Let me give you an example. In addition to a flamenco guitar, some charcoal, and a couple of vibrators, artist Niño de Elche requested a table and a couple of chairs. The table had to be square and made out of wood; Amazon made it easy to find. The chairs, on the other hand, needed to look like the traditional wicker chairs you find in every bar in Andalusia. However, New York is not Seville.

After calling all of the Spanish restaurants in the city and visiting a few second-hand furniture markets, I found two wonderful chairs in a vintage store on the third floor of a skyscraper in Herald Square. As I carried the two heavy chairs down 34th Street, I thought about some of the theoretical concepts that had informed my original essay. Michel Foucault’s notion of heterotopia––briefly defined as a tangible space outside the rules normativity imposes––was one of the foundations of my paper. I realized then that I was materially emulating Foucault’s theory, not only by reflecting on it but by physically working to create such a space with chairs that are rarely seen in New York City. Heterotopias are easy to imagine and much harder to physically create.

Having the time and space for carefully and quietly reading and writing is fundamental for humanities research, but curating En un cuartito los dos taught me how theoretical thinking can be transformed into being. I was confronted by material situations that challenged and modified the ideas in my paper. Sharing my thoughts with the audience and working together with the artist and all the people involved made my paper a collective project rather than an individual piece. This experience demonstrated to me how doing humanities research in such a manner, while much more challenging, is also more satisfying––and more fun.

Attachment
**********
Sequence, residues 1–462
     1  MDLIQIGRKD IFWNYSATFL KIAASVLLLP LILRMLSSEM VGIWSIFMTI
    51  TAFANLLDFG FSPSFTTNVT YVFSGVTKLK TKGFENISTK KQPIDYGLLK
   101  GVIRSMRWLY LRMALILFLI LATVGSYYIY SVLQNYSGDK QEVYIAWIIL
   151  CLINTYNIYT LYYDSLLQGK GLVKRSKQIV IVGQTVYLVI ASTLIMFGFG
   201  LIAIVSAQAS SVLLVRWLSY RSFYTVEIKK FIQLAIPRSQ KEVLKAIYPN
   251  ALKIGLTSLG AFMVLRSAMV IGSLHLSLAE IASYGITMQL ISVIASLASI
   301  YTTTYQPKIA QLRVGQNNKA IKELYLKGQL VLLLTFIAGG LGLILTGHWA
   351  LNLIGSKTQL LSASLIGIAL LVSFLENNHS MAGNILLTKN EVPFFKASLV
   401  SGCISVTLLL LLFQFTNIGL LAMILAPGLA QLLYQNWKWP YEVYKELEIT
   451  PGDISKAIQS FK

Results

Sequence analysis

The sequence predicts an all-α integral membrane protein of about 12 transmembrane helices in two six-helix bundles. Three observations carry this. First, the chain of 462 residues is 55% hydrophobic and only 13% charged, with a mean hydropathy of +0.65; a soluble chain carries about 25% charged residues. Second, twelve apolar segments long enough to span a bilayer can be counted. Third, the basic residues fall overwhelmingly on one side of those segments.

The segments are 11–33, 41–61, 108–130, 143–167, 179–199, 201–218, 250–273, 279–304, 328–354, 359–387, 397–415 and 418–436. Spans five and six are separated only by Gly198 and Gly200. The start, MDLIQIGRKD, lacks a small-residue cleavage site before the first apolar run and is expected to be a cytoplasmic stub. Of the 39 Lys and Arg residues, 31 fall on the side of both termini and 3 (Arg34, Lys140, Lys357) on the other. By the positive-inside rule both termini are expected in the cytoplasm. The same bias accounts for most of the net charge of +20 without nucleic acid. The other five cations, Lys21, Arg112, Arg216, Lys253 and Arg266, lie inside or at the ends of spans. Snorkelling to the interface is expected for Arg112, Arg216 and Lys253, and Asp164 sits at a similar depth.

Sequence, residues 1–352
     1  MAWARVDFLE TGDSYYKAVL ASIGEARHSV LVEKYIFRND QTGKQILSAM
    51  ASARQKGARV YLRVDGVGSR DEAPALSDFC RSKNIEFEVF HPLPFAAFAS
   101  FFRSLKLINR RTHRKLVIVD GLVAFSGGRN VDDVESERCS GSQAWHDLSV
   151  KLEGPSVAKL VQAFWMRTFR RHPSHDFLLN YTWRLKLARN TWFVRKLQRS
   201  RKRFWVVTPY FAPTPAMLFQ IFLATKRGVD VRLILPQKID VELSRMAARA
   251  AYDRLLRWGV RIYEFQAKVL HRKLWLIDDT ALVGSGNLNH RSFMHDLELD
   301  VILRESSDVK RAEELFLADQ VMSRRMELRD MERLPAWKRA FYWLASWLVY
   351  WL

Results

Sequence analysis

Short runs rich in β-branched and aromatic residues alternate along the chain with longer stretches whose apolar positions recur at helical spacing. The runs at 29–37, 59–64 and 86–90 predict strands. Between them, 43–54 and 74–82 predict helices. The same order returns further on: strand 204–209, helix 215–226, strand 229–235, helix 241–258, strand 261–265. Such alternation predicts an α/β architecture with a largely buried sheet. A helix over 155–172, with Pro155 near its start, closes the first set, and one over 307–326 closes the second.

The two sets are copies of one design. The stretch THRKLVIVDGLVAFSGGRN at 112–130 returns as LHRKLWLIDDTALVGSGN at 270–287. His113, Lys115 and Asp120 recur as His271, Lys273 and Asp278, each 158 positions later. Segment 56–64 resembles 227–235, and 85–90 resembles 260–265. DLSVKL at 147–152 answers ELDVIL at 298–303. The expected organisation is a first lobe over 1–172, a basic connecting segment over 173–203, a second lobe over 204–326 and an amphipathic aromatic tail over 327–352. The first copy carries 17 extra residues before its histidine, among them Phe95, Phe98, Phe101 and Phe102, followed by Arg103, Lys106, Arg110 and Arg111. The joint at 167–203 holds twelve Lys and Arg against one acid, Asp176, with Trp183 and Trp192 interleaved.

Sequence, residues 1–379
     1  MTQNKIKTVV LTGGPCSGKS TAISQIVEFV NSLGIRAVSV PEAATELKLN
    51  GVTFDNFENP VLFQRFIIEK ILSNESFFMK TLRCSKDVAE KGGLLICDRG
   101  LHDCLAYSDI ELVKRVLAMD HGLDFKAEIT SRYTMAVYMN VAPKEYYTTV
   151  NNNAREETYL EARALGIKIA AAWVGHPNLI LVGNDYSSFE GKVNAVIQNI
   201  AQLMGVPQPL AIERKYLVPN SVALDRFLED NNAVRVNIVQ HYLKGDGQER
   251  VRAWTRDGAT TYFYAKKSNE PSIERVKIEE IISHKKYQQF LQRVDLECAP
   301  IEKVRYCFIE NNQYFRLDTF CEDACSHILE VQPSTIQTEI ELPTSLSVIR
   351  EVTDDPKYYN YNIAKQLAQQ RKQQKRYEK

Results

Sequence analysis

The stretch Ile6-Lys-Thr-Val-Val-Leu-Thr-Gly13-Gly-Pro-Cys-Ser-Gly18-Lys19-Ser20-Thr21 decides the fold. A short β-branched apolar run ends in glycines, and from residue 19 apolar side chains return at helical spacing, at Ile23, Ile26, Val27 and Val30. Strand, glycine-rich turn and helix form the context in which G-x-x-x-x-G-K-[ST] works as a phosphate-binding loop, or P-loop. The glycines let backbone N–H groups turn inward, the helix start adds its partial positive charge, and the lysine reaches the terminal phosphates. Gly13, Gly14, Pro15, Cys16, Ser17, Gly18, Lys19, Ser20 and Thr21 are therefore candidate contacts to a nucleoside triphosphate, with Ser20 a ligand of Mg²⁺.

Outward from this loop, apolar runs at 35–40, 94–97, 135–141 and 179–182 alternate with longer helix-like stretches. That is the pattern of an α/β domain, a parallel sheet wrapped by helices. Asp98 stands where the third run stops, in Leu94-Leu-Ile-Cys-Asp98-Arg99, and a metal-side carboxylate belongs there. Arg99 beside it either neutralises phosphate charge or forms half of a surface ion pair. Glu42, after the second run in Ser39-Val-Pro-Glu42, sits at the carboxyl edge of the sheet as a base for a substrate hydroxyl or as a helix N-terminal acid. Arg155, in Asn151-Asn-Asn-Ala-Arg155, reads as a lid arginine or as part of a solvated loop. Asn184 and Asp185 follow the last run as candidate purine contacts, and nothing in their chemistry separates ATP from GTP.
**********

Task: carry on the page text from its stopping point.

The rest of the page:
I invite you to dive into the numerous electronic folders you may have where you saved your seminar essays and suggestive articles and think about what kind of public afterlife they might have. What more could all our final papers do?

Daniel Valtueña thanks Stacy Hartman and Anthony J. Harb for their writing advisement on this text.

Daniel Valtueña photoDaniel Valtueña is a PhD student in the Department of Latin American, Iberian, and Latino Cultures. He earned his BA in Art History at Universidad Complutense de Madrid and his research focuses on contemporary Iberian cultures and queer theories. His work explores the notion of celebration from both theoretical and curatorial perspectives, and his dissertation will address contemporary Iberian artistic practices in the intersection of queer and national identities. In 2012 he was awarded the Certamen Nacional Jóvenes Investigadores by the Spanish Government for his early research initiatives and received the Premio Talento Joven in the category of Culture by the Madrid Region in 2015 for his arts management trajectory. Daniel is also a curator based in New York and Madrid. Follow him on Instagram at @danielvaltuena.